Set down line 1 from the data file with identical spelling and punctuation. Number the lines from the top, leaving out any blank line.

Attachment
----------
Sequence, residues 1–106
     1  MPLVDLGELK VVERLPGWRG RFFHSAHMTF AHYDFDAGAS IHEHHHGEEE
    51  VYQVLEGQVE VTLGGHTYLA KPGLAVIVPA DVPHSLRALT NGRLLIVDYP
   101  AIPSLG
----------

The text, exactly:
Sequence, residues 1–106